Georgia’s Required Insurance Coverage: Is This Enough to Protect Your Family and You?
Automobile insurance policies are confusing to most people. However, it is very important to understand the type of coverage you are required to have under Georgia law and whether this is sufficient to protect your loved ones and you in the event that you are involved in an automobile accident. Your decisions on what types of insurance coverage to have and the amount of coverage to purchase could have a major impact on your life if you are injured in a crash. Here, we discuss Georgia’s laws on what automobile insurance coverage you must have if you drive a motor vehicle in our state and why this may be completely inadequate to protect you.
Georgia Is an At-Fault Insurance State
In considering insurance policy options, you need to know what happens if you are involved in a car wreck—whether another driver or you caused it. Georgia is a fault insurance state when dealing with liability issues and insurance coverage after a traffic accident. This means that the negligent driver is responsible for paying the property damage and personal injuries caused by the crash. An injured victim would turn to the other driver’s insurance company to cover his liability. If you were injured in a crash, you would have three options for obtaining the compensation you deserve:
- File a claim with your own insurance company, at least for your property damage claim. Your insurance company would then pursue reimbursement from the negligent driver’s insurance company.
- File a claim with the negligent driver’s insurance company.
- File a lawsuit against the negligent driver if you are unable to reach a settlement with the insurance company for the full value of your claim.
An experienced car accident attorney can help you decide which option would be best for you.
What Is the Minimum Automobile Insurance Coverage Motorists Are Required to Purchase in Georgia?
In Georgia, a driver is only required to have two types of automobile insurance coverage: bodily injury liability and property damage liability. If a driver causes an accident, these liability insurance coverages will pay the victims. The minimum insurance liability coverage a driver is required to have includes the following:
- Bodily Injury. $25,000 for the injury or death of one person and $50,000 for the injury or death of more than one person in a single accident.
- Property Damage. $25,000 to cover property damages, such as vehicles, buildings, homes, other structures, or objects in a single accident.
Does Georgia’s Minimum Insurance Coverage Really Protect You?
Unfortunately, Georgia’s minimum liability insurance requirements do not adequately protect you whether you caused the crash or were the victim of it. The bodily injury limit of $25,000 for a person’s injuries or his death could be a drop in the bucket in terms of what you could owe if you were the negligent driver. Even if the other driver suffered “mild” back, neck, or shoulder soft tissue injuries, he could need months of physical therapy and pain medications. If these conservative treatments did not work, surgery could be required. These costs could well exceed $25,000 in your bodily injury coverage and leaves no money for the lost wages and pain and suffering portions of his claim that you would be responsible for.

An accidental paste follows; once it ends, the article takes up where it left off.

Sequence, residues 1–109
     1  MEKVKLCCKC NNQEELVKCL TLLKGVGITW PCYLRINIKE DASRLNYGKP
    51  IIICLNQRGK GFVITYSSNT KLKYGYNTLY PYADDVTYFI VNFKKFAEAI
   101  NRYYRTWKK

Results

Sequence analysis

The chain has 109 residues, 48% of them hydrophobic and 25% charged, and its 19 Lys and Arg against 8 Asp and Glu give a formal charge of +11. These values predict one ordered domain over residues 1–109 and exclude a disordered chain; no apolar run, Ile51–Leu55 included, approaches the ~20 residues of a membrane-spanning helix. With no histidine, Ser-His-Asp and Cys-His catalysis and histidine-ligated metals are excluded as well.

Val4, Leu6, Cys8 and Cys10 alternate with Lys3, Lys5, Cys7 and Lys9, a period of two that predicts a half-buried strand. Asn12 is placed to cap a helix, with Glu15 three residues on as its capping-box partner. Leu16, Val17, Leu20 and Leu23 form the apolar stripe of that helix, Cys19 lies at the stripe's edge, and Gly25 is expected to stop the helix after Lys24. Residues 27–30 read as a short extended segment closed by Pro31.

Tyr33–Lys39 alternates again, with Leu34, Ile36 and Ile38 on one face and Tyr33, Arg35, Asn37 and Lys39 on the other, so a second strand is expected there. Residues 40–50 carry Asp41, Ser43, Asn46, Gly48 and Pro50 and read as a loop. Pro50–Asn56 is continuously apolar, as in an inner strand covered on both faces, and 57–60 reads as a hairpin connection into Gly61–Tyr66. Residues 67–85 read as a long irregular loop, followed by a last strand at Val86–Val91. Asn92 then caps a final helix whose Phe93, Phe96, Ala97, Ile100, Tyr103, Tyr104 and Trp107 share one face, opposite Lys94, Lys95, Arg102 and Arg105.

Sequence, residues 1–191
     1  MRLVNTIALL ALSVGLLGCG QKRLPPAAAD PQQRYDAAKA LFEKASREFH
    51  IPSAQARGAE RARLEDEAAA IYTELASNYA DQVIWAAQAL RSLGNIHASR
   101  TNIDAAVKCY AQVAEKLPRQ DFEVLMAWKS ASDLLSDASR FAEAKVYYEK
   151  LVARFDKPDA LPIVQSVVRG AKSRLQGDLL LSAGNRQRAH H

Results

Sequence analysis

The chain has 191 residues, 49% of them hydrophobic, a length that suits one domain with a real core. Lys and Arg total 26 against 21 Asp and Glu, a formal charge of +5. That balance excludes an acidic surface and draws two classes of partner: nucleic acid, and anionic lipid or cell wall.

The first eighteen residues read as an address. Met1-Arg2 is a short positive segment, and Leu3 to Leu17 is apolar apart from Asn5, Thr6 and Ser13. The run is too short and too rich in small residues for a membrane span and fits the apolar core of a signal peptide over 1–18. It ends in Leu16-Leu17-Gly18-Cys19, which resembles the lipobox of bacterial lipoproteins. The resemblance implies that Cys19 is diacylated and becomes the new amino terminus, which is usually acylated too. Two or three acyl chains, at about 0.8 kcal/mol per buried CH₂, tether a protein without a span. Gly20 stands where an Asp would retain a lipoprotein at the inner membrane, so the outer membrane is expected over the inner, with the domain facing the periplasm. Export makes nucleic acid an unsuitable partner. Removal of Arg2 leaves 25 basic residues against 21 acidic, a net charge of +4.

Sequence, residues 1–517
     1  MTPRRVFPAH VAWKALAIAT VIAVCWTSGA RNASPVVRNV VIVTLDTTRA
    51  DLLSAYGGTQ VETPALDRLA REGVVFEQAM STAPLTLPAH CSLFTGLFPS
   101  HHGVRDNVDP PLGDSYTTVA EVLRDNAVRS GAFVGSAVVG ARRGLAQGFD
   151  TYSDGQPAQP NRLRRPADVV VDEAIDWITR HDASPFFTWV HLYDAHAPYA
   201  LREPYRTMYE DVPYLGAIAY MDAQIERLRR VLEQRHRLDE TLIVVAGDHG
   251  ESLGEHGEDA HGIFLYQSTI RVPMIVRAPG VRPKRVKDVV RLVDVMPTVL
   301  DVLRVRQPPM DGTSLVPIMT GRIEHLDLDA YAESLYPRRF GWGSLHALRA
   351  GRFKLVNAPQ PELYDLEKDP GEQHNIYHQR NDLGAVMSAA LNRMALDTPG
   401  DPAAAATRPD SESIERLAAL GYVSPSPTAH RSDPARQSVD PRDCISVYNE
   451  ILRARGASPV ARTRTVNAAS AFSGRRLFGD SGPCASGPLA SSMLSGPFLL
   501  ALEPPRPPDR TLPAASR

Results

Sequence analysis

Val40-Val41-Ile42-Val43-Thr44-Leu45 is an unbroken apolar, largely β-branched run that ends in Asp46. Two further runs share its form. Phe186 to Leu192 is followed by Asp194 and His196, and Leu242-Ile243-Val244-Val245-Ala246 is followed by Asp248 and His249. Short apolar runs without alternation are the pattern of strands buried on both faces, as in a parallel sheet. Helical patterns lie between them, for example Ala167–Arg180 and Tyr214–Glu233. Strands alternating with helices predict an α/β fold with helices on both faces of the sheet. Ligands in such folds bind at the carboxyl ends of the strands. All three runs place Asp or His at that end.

Even the $25,000 property damage amount could be insufficient. If the driver’s vehicle was totaled, his property damage claim could exceed your $25,000 coverage—especially given the expensive cost of most motor vehicles. You would also owe his car rental fees and reimbursement for any other property that you damaged.
If you are the victim of an accident and the other driver only purchased the minimum required insurance, you could also not be fully compensated for your injuries and property damage. The negligent driver’s insurance company would only be responsible for paying up to the policy limits. This most likely would be far less than what you could need to pay your mounting medical bills and to replace your lost wages. Purchasing additional insurance is essential to protect you.
Optional Insurance Coverage You Should Consider Purchasing
When deciding on what automobile insurance coverage to purchase, the cost should not be your only consideration. You want to be protected if you are the victim or the cause of a crash, so that you do not owe the other driver any money and are fully compensated if a loved one or you are injured. Consider these options when deciding on your insurance policy:
- Bodily injury and property damage liability. You want to increase the amount of coverage for bodily injury and property liability coverage to protect yourself if you cause a crash.
- MedPay. This is an optional insurance that would pay your medical expenses—even if you are at fault in causing the accident.
- Uninsured motorist coverage. This is crucial optional insurance you can purchase to pay your bodily injury claim if the other driver had no required automobile insurance—more common than you may think.
- Underinsured motorist coverage. This is another vital optional insurance coverage you should purchase. If the negligent driver has bodily injury insurance, but it is insufficient to fully compensate you, you could also file a claim for compensation under your underinsured motorist coverage.
- Collision and comprehensive coverage. Collision insurance coverage would pay for your car repairs, car rental fees, and similar expenses. Comprehensive coverage could pay for your damages if your automobile is stolen or is burned in a fire.
Do you have questions about your automobile insurance policy or the coverage you should have? Do you need to file a claim under the negligent driver’s or your own insurance policy after an accident? David Brauns is here to answer your questions and help you file your claim. Start an online chat or call our office at (404) 998-5252 to schedule your FREE consultation.